This episode will be of particular value to HR professionals who are looking for ideas on how to coach managers/leaders on giving effective feedback, especially around performance reviews. Sylvana Rochet discusses creative and impactful ways of approaching feedback, which she proposes should be a two-way conversation. Instead of viewing feedback as a one way flow of information (where one person provides feedback on what went well and what did not go well), she invites us to think of feedback as a two-way conversation where both people walk away with value.
Sylvana is a holistic intelligence advisor and international speaker. She guides executives on how to better manage their internal psychology so that they can lead from a place of clarity and confidence. Prior to coaching leaders at some of today’s most innovative companies, Sylvana spent the better part of a decade working globally in international development, learning firsthand about leadership, human nature and what makes organizations thrive. A political scientist by training, Sylvana is a certified Professional Coach and also studied Hatha yoga in India. Her multidimensional educational background and extensive travels have enabled her to approach human challenges with a wide set of tools. She founded The Insightful Executive and is a partner at Evolution, a boutique coaching and consulting firm that partners with startups and high growth companies to develop consciousness across all dimensions of the business.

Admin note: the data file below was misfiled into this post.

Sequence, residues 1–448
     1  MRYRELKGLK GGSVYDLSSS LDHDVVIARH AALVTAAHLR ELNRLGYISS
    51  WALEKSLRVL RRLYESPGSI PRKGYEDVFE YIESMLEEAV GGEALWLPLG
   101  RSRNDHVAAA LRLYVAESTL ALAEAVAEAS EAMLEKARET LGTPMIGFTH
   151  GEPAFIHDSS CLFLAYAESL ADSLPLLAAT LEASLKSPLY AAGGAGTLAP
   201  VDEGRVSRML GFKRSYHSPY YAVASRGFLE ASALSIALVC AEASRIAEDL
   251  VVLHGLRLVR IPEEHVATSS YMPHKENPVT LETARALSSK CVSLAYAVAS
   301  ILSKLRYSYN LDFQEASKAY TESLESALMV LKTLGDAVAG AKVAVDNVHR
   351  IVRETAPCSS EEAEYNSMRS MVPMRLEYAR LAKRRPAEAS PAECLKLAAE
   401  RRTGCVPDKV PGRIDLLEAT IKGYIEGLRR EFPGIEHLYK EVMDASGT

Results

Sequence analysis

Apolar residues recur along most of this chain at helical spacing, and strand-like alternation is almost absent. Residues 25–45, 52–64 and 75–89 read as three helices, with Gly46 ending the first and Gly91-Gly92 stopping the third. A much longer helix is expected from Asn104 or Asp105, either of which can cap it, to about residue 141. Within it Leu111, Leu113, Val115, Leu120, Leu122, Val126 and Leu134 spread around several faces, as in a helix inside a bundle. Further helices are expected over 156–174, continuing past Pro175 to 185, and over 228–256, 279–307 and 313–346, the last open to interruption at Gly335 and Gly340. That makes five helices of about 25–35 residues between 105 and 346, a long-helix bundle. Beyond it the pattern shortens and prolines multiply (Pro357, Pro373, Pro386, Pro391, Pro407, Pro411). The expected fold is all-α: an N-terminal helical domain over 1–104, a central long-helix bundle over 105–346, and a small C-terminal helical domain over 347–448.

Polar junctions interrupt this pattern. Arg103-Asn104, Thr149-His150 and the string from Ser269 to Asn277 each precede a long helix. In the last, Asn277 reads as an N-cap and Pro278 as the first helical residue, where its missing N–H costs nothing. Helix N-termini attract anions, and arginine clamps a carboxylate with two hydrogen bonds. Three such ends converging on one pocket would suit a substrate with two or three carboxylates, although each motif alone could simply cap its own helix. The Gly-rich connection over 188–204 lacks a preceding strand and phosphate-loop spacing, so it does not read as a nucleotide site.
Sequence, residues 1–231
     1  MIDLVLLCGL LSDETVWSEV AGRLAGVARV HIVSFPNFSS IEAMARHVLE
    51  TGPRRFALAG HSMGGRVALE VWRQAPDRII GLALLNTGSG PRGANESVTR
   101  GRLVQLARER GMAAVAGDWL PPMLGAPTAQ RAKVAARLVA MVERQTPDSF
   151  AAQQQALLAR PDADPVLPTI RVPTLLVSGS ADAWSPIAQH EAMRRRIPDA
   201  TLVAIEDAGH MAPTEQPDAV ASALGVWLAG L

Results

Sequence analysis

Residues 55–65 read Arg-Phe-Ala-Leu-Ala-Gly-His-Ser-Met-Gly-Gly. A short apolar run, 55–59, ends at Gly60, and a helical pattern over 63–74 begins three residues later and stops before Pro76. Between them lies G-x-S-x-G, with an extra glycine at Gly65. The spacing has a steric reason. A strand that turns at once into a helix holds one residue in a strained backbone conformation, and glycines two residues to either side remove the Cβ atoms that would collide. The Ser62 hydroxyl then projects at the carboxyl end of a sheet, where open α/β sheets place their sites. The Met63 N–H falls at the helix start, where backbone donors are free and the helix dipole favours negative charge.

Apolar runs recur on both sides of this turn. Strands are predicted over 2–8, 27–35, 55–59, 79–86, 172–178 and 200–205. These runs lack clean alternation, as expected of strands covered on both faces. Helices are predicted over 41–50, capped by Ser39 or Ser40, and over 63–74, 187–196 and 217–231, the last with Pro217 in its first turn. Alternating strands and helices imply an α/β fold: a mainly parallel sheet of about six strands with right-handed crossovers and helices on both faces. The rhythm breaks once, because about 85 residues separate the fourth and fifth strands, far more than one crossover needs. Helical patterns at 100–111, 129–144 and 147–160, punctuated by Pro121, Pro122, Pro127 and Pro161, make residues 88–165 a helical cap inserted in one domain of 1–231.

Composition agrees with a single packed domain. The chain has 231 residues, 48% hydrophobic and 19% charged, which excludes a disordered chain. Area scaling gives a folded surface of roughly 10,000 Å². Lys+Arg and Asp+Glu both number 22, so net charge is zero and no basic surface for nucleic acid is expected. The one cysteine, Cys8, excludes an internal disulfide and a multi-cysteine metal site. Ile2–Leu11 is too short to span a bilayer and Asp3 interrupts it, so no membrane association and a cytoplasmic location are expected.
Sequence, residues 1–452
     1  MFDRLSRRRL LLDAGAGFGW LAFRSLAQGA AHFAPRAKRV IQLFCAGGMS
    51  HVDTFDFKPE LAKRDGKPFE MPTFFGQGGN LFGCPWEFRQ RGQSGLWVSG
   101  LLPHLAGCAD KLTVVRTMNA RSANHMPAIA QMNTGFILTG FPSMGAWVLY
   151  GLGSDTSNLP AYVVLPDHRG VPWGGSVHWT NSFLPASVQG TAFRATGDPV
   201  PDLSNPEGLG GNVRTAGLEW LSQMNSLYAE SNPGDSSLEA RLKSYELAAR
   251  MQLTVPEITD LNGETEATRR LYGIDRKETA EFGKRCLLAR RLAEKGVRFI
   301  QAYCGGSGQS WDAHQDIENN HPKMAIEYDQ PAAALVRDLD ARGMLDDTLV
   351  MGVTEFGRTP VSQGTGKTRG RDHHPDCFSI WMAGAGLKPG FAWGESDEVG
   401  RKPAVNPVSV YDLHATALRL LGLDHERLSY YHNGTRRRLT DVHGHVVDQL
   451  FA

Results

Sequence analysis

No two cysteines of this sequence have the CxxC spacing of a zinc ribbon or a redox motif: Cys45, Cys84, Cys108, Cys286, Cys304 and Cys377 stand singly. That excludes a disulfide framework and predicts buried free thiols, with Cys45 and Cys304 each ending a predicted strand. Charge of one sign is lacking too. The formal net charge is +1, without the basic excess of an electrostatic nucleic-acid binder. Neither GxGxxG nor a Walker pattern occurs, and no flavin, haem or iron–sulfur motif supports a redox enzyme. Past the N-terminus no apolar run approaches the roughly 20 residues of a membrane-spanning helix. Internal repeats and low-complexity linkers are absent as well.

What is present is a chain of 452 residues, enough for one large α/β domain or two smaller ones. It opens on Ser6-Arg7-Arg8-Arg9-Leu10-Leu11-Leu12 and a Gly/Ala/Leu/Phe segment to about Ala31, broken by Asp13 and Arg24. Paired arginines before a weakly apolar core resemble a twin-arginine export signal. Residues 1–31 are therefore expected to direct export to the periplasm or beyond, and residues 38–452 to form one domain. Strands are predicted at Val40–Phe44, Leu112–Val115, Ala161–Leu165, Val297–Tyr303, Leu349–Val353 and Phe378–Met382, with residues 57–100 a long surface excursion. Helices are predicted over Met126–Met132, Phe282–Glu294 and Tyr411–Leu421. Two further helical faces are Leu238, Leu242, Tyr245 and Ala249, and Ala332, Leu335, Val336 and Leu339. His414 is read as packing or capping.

Key Learnings From This Episode
- Sylvana is passionate about supporting leaders in making an impact, not just at their companies, but throughout the world at large. She grew up in France, living a very sheltered life. At the age of 10, the family moved to Colombia, South America where Sylvana saw poverty for the first time. It impacted her in a way that drove her to want to do something in the world and this guided her career. She studied political science and worked in developing countries where she felt she was making an impact, a common thread throughout her life and career. When she shifted to coaching, she realized the decisions that are made by political and business leaders impact less advantaged individuals.